They will still collect pennies on the dollar. Yet if they drop the charge they will get even less.

        The move to make some OC pills over the counter should happen. Might take few years but great idea.

        Trump screwed up with his tweets about obamacare but this is one way to cut costs which can get political support.

  15. There are a lot of drugs that should be over the counter. This is a good place to start though.

    1. A libertarian magazine would say that all drugs should be over the counter. We should not have to get permission to medicate ourselves from the State.

      But Reason only thinks you should be free to get stoned and avoid/end unwanted pregnancies.

      “Libertarian Moment”

  16. There are few more important legal changes than getting doctors out of the drug dispensation process. It is abused and obscene.

    Ending the ” Drug War” of course, is an even higher priority. Stopping rampant crime and corruption in the entire legal process.

    But I’ll not hold my breath!

    1. Holding your breath is not recommended.

      Unless you are under water. Then swimming would be followed by breathing.

      Drug does not mean the same thing to a medical. Not talking about getting high here.

      Oxygen is a miracle drug. So is lidocaine, epinephrine, and vancomycin.

      Just a few simple examples.

    2. “There are few more important legal changes than getting doctors out of the drug dispensation process. ”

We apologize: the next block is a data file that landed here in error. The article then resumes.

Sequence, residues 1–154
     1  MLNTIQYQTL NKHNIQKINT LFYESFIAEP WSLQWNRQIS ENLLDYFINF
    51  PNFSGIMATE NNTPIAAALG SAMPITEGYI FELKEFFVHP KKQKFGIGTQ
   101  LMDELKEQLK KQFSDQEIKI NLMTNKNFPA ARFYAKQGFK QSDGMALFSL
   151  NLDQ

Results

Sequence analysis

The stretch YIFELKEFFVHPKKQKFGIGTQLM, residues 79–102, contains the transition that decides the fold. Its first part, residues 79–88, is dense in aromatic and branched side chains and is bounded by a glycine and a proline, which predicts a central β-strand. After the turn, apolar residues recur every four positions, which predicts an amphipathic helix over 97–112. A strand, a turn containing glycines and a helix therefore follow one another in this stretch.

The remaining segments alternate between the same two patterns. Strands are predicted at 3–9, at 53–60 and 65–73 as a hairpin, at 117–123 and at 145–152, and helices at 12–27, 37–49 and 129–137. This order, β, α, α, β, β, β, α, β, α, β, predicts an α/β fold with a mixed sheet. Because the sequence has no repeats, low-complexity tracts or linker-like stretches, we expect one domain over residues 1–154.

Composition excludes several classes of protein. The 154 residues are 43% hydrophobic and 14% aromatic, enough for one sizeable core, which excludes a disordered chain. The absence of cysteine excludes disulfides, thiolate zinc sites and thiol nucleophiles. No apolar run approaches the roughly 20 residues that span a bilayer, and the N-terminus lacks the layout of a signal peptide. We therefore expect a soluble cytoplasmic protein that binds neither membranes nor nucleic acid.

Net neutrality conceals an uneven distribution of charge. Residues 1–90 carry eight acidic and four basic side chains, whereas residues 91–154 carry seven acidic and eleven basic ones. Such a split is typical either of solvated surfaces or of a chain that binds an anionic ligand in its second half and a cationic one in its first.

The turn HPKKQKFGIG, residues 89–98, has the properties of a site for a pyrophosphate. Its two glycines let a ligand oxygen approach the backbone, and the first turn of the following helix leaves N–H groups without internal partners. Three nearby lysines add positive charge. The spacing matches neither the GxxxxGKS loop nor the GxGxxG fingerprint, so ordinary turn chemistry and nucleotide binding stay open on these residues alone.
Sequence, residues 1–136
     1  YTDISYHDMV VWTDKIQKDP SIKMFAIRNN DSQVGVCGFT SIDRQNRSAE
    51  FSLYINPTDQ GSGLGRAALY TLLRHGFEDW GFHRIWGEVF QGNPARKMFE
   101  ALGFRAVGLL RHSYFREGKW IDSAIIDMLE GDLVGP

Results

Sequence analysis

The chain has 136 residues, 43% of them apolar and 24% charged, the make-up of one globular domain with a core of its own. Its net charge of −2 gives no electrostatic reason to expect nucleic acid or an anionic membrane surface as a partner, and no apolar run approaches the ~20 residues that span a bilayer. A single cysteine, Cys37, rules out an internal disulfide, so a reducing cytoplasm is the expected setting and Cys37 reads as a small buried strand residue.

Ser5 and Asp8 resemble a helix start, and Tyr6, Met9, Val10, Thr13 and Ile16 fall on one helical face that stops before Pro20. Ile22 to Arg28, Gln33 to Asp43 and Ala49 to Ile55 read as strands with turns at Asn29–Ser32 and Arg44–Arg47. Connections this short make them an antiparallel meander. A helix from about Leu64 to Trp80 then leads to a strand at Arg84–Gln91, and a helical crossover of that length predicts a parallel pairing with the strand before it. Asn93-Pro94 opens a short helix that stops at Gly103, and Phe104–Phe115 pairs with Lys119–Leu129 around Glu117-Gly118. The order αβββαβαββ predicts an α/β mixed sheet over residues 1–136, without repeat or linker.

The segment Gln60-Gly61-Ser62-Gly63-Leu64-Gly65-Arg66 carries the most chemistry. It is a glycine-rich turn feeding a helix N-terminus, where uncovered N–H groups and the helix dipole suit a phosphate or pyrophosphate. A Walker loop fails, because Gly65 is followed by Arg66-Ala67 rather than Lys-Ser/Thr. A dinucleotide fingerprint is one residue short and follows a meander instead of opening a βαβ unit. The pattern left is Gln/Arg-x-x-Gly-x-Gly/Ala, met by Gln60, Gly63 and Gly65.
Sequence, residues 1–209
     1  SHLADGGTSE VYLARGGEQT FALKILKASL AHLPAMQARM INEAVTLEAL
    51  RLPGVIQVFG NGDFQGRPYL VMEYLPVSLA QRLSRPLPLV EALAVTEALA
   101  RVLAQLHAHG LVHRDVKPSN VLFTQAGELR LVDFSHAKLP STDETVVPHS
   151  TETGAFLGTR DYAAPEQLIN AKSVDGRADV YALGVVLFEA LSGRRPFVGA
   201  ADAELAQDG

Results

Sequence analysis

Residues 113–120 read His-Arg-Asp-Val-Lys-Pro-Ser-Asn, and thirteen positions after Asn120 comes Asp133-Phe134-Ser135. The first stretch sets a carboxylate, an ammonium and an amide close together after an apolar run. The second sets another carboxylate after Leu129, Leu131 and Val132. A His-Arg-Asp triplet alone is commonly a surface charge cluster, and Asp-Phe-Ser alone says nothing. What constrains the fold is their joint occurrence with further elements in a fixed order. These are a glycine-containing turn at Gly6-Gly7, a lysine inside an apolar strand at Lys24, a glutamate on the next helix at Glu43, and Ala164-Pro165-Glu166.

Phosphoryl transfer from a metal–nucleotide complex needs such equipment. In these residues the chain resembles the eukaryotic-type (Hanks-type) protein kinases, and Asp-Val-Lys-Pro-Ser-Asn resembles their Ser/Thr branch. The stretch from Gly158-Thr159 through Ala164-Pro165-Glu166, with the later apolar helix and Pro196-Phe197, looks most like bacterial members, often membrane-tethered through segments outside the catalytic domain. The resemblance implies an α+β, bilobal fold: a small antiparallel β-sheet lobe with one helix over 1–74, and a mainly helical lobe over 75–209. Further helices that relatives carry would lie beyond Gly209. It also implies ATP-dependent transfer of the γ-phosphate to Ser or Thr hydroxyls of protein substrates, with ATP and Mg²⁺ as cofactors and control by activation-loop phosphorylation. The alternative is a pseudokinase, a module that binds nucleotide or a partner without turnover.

Isn’t it curious that a “Libertarian” magazine never manages to get around to advocating for health care freedom of consumers, and thereby an end to government enabled rent seeking of the corporate medical mafia?

      It’s almost as if they’re really only about corporate profits, and not freedom at all.

      1. What freedom have you been denied?

        Do not show up. Go to the acupuncture naturopath.

        Stay home.

        What you are asking for is more government regulation.

        1. Wrong.

        2. “What freedom have you been denied?”

          1. The freedom to sell a drug product to a knowing and willing consumer absent massive Federal legal and regulatory burden.

          2. The freedom to be that consumer purchasing such a product.

          Right now in the US anything you attempt to sell by making any claims to treat any specific illness requires FDA approval – either as an OTC or Rx product.

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  19. Why in the world wouldn’t Congress be able to make a class of products OTC, unilaterally? How have they possibly given away this much power to a regulatory agency of their own creation?!

    1. They didn’t. It’s a mistake by the author, who actually believed what politicians told her. There is no legal reason that Congress can’t get rid of the FDA tomorrow, much less take away a product from their control.

  20. It will be curious to see if those same republicans seek to block men from purchasing them. (while the dosage is lower, transgendered m2f people will seek to purchase them for DiY hormone replacement)

    1. I doubt any republican lawmaker will give a shit.